Why Accounts Payable Must Be Automated in Mexico
Mexico will be putting your tax deductions under a microscope when new eContabilidad (eAccounting) requirements go into effect this September. The SAT, Mexico’s tax authority, will now have the ability to examine accounting reports and subsequent line item tax deductions, requiring added diligence in inbound procurement processes to ensure compliance. This scrutiny demands complete accuracy on invoice payments by buyer’s in Mexico. And the only way to ensure that your tax deductions are ultimately correct is to automate your three-way match which guarantees that your purchase order, goods receipt and supplier’s invoice are identical. Any deviations can trigger audits and result in fines, penalties and lost tax deductions.
Companies managing over 500 procurement invoices per month should consider full automation as the only way to ensure tax accuracy. Currently companies are approach the problem in three ways:
1) Manual entry: Almost a quarter of companies are having accounting clerks hand-enter the 30+ digit, case sensitive, alphanumeric unique identifier codes (UUIDs). These UUIDs, assigned to each individual XML, are the government’s tracking codes. If the UUID on the XML isn’t entered correctly into your ERP, the resulting reports required under Mexico’s eContabilidad will be inaccurate. Any discrepancy will trigger government scrutiny – for example, a single “I” instead of a “1” or an “A” instead of an “a” can trigger a hefty fine. In fact, we’ve found an approximately 7 percent error rate in codes entered manually! Clearly, these mistakes will add up quickly. Despite this risk, this process is SAP’s recommended solution – another reason why SAP is insufficient to manage Latin American compliance.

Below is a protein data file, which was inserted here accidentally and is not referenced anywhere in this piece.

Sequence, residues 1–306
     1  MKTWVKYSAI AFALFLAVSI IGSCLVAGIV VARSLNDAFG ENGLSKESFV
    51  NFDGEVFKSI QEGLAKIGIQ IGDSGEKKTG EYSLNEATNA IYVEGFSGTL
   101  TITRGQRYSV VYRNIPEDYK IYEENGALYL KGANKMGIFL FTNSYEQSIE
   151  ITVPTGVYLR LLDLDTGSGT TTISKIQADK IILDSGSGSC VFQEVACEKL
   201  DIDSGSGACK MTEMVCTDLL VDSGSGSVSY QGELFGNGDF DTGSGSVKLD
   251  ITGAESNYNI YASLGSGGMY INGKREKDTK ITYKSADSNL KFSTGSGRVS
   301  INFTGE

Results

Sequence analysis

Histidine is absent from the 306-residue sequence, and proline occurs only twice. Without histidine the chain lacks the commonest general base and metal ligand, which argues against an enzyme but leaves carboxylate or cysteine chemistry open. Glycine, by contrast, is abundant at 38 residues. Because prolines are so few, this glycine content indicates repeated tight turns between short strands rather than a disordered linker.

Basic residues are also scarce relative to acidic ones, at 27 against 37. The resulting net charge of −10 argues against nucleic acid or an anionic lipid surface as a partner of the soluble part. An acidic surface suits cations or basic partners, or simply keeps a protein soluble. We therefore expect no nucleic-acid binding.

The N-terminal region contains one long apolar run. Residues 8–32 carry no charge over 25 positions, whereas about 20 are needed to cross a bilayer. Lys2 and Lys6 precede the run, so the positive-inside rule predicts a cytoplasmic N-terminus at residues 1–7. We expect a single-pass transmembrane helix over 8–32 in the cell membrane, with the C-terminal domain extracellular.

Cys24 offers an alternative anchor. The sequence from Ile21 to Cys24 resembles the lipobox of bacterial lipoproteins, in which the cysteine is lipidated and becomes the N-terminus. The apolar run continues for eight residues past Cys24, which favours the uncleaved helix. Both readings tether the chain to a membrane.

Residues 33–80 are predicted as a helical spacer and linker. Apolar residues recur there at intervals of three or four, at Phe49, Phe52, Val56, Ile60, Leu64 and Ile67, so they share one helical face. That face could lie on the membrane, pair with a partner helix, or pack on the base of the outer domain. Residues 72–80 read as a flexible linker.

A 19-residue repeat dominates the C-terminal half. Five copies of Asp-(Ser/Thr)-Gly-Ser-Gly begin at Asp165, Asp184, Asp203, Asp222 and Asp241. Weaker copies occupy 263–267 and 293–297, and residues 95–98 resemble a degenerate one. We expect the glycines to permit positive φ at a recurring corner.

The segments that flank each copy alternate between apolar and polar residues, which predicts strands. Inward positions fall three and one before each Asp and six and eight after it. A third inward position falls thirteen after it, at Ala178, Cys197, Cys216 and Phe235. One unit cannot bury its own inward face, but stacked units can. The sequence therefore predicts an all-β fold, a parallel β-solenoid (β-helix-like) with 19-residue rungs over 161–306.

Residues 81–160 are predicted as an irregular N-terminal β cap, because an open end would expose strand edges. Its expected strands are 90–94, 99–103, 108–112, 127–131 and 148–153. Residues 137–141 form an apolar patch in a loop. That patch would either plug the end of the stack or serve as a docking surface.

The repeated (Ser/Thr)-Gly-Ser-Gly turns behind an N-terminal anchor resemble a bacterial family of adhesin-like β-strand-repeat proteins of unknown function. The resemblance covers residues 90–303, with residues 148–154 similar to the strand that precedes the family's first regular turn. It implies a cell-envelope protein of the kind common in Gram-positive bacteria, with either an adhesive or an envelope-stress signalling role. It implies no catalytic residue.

2) PDF format: Many companies also rely on PDF invoices instead of XMLs for accounts payable. However, when it comes to government compliance, the XML is the only invoice that matters. If you request an update from a supplier, return goods or don’t receive the correct order, the XML must be updated. Still, many suppliers will only update the PDF, and accounting will use that as the invoice of record. As many as 10% of XML invoices don’t match the PDF and are at risk of government penalties.
3) Automation: The final option is to automate the process, bringing the XML invoice into your ERP so that it links back to the government-approved document. Collection, validation and processing of invoices should all be automated, and journal entries and required reporting should all be linked from the ERP. This is the only way to ensure a three-way match and eliminate the chance of inconsistencies.
Option three is the only one that decreases your risk of an audit. The first two scenarios make companies employing these methods a prime target for government audits, as any errors will trigger the government’s automated checks. The SAT doesn’t care if it’s just a typo – any inaccuracy equals the inability to take tax deductions on the effected invoice coupled with a fine.
If your company is using one of the first two methods, an audit is virtually inevitable.